This Discovery Kit allows you to experience and learn planetary dynamics. Watch the Moon orbit the Earth and then compare it to Jupiter's moons dancing to the same time scale. This demonstration lets you experience the motion of the planets in true to life scales. Designed to run on Windows systems for DirectX 8, a 3D accelerated card is pretty much essential for this to work well. I believe that it will actually display without a 3D card, but the frame rate will be too slow and the program will be unresponsive. If you do have the hardware, you might find this entertaining or educational. My name is Paul R. Dunn and I authored this software in the year 2000.
This is some software I have always been dying to play with, but never found, so I finally made it myself. I have been improving it step by step and still may or may not improve it further in the future depending on interest. The renderings are based on fairly accurate calculations and data and certain true to life phenomena are plainly visible. Observe, for example the changing angle of sunlight over the course of each year to see how the seasons are affected. Watch the moon turn through a full circle of phases to demonstrate how the moon enlarges and shrinks and wobbles a little each month. Now observe the moons of Neptune or of Pluto. Gaze back at the planets from the moons!
You navigate through the Solar System using the menus to go directly to Planetary systems by name. Once you are there, you can zoom in and out by using the 'cursor up' and 'cursor down' keys. Using 'cursor left' and 'cursor right' will adjust the time scale. The range to the time scale allows you to slow the scene down to less than one scale minute (of model time) per real-time second (about 10x faster than reality) or view model time race by at about 300 years per real-time second (roughly 1 billion x faster). A variety of vantage points can be viewed this way.
You can zoom the display in and out to carefully inspect some well detailed maps of the major bodies in our Solar System. The main purpose of the application is to observe the motion of the planets. This is best achieved by adjusting the time scale to the appropriate subject matter. While viewing any particular planet, adjust the speed so that its day or its year takes up a second or two in real-time to observe what happens throughout these cycles.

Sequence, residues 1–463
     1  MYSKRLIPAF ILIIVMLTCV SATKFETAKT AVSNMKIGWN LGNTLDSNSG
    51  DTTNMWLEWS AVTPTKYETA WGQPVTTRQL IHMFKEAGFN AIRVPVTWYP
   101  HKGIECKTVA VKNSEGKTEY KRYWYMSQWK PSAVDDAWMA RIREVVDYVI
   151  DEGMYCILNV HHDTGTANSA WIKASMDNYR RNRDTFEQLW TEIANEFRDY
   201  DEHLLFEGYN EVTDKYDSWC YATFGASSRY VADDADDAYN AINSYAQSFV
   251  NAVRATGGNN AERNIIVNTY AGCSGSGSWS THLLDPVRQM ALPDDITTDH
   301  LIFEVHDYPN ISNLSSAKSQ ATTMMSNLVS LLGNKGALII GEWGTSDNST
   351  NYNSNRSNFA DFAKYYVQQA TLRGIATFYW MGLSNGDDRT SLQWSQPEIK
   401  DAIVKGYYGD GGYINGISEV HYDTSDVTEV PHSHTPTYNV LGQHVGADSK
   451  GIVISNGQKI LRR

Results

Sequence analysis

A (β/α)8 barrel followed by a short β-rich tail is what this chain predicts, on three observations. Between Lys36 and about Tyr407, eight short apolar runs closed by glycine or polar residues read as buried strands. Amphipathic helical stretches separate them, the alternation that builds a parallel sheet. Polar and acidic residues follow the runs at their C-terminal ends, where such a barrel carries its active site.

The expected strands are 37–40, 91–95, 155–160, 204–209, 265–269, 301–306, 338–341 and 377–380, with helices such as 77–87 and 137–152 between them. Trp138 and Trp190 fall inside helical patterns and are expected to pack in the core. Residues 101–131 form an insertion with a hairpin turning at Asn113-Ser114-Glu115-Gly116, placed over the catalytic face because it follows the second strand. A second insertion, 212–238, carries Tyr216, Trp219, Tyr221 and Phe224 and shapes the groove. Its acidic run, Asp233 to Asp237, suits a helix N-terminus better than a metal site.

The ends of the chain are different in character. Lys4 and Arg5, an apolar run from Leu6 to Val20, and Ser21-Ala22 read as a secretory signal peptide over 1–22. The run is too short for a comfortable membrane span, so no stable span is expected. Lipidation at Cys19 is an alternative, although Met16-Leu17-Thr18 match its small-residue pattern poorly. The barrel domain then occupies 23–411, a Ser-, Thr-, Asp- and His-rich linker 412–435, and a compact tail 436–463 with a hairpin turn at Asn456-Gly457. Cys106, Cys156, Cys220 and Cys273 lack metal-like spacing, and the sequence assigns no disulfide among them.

I welcome feedback or bug reports if you find any, but if it just won't work on your system, remember: DirectX 8 and a 3D accelerator card are essential. Some hardware combinations might cause the software to complain and report that it is reverting to 'software rendering'. If this happens it might be best to run the program in full screen mode ('Alt-Enter' will pick a default mode or press 'F2' and select one). Higher resolutions will look better and display more stars, but will run at a slower frame rate producing a choppy effect. The smaller moons will be hard to spot at low resolutions, especially when they are at low phase and little light is striking them. Hardware plays a big factor in deciding what resolution to choose. All I can suggest is to try several settings. I developed it on a PIII-600 with an ATI Rage 128 video card and I like to run it at 1920x1440. This is the maximum my video card / monitor combination will support and I still get a reasonable display rate. The star rendering algorithm has been optimized in V2.01, significantly improving frame rate.
I welcome comments or questions on the kit. If you have tried it and like it or are having difficulty with it please write to me, the developer (email address in footer). I would be interested to know what you do with it. Before you write, though, please ensure that you have installed DirectX8 or better. You will get an error message that d3d8.dll is missing if you haven't installed it. A link to DX9 is provided above where the download link is.
The display shows the progression of time. It provides an indication of the passage of time with relation to the motions modelled.